Paulette Jiles is a San Antonio poet, novelist, and memorist. In this 2016 publication, she describes in poetic, vibrant wording the realities and hard times of the western frontier.
She tells the story of Captain Jefferson Kyle Kidd, aka “Captain” and “Captain Kidd,” a “reader of the news” of the world. Captain Kidd travels from frontier town to frontier town in a wagon bought from a snake oil salesman, which has the faded letters, “Curative Waters” on its side. Captain brings news of the world to each town, reading from newspapers from New York, London, and other hub cities. He censors and edits his performance readings depending on the politics and conditions found in each town. My Oral Interpretation professor would certainly have given him an A+, for he keeps his rough, uneducated audiences spellbound by the sound of his voice.Early in this page-turner, he takes on the task of returning a ten year old white girl, held captive by the Kiowa since she was a tiny child to her relatives in a small Texas town. He accepts this assignment on moral grounds as well as for the few pieces of gold coin that he is given. However, Johanna, the child, wants nothing more than to remain a Kiowa, having no memories of her life as a white child. Eventually, early childhood memories and language begin to surface, and she comes to call Captain “Kantah,” Kiowa for grandfather. Their relationship is the focus and theme of the book.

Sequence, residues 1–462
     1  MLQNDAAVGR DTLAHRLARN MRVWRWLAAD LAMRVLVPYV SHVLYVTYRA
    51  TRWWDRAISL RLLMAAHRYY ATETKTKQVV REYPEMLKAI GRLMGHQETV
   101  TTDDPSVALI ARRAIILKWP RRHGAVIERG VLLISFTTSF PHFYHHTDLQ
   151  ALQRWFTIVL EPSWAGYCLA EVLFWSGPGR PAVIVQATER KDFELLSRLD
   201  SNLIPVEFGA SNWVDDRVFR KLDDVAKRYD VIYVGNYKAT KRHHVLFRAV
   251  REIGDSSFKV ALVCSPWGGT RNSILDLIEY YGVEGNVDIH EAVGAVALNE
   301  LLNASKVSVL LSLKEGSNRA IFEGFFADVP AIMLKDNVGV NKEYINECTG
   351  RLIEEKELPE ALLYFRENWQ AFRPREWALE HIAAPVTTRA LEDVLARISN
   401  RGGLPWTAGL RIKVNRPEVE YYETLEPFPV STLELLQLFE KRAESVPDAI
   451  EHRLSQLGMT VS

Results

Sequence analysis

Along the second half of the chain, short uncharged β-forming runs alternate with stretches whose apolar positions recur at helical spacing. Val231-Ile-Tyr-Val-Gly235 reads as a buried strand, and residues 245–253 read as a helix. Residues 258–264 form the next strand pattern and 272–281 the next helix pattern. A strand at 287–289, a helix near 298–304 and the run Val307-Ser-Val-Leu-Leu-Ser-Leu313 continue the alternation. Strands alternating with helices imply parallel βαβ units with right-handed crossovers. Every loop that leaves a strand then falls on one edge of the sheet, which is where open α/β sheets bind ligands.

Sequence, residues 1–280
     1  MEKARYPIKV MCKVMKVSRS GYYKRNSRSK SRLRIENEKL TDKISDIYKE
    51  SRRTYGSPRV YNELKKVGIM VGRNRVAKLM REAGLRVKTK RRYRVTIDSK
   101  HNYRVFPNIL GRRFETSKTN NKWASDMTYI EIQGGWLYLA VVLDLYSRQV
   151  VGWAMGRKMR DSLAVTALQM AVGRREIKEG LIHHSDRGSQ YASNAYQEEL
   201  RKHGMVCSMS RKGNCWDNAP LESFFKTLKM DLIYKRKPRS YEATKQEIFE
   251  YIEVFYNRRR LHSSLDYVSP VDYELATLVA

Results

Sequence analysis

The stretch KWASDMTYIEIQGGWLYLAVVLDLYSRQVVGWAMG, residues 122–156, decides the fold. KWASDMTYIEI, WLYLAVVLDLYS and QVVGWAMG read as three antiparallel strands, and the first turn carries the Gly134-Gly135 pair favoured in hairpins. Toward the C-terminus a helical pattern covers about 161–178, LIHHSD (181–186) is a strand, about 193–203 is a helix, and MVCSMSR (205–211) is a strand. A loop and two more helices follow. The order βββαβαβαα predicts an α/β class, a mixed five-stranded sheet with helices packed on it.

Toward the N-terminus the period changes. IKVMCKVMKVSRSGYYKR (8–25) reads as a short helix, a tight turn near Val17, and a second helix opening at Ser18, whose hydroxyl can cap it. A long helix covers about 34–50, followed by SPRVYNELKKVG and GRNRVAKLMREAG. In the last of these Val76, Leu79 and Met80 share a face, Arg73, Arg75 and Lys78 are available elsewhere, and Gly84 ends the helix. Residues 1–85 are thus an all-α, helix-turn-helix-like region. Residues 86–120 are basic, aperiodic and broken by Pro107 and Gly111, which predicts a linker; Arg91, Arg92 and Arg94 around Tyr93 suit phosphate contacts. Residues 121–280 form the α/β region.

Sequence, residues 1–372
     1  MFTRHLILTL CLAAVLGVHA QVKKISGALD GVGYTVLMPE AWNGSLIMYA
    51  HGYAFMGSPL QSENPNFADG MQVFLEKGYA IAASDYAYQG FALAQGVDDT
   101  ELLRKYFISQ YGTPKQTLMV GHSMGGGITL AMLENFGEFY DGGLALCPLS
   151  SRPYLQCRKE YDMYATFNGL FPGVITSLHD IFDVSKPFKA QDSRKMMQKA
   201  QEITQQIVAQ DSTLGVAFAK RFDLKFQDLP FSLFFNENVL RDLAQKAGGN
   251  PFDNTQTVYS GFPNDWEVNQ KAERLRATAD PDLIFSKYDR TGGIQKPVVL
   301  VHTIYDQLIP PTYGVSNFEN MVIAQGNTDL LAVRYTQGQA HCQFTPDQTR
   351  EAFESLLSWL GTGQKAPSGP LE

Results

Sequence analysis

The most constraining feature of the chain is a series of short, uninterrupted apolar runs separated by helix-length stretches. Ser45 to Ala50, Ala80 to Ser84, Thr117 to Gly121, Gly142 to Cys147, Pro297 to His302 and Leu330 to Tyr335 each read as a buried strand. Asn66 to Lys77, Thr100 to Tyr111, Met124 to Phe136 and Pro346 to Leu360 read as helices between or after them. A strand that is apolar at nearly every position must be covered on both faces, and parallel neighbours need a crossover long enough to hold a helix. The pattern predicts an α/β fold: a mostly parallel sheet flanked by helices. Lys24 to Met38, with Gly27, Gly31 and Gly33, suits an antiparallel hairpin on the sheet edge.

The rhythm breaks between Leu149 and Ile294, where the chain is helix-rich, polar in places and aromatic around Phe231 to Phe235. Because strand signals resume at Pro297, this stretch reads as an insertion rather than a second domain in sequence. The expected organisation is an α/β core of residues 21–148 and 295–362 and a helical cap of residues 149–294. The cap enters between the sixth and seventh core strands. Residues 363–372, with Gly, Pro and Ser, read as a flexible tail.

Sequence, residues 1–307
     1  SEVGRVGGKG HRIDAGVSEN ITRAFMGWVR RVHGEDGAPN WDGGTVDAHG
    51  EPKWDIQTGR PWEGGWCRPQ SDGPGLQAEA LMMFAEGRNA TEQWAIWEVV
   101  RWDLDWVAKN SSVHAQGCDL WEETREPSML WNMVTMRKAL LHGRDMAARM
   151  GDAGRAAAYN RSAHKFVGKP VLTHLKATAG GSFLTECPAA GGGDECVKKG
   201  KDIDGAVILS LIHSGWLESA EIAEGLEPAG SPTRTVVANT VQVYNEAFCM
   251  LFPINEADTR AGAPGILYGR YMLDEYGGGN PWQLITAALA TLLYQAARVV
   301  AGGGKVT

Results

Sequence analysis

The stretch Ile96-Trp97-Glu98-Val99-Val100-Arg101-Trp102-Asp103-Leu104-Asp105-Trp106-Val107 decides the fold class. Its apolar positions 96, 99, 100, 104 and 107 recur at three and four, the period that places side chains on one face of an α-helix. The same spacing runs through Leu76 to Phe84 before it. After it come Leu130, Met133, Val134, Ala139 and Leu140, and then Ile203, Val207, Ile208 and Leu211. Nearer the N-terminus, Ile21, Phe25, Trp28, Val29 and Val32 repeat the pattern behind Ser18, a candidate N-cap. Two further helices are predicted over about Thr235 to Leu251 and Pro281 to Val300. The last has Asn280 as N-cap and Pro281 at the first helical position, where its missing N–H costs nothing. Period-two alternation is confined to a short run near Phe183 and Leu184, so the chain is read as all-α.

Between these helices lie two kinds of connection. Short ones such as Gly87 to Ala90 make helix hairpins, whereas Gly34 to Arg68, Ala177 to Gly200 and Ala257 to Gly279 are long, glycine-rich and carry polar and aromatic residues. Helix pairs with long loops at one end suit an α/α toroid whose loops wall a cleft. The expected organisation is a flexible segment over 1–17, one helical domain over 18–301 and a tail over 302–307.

A sub-theme is dimes, silver dimes. This is the price of admission for Captain’s readings. They eventually save Captain and Johanna’s lives when they have to use them for ammunition. A memorable encounter in the middle of the novel is when Kiowa braves appear, and Johanna is faced with the strongest decision of her life. Will she choose to go back to the Kiowa with the warriors? Captain faces his own decision as well: What would be best for Johanna?
The epilogue is most satisfactory. Loose ends are tied up and the reader feels good with outcomes, the decisions made, and what happens to characters he/she has come to love.
This is definitely a 5 out of 5 points book, which has action, excellent characterization, and an appeal that will keep you up late reading.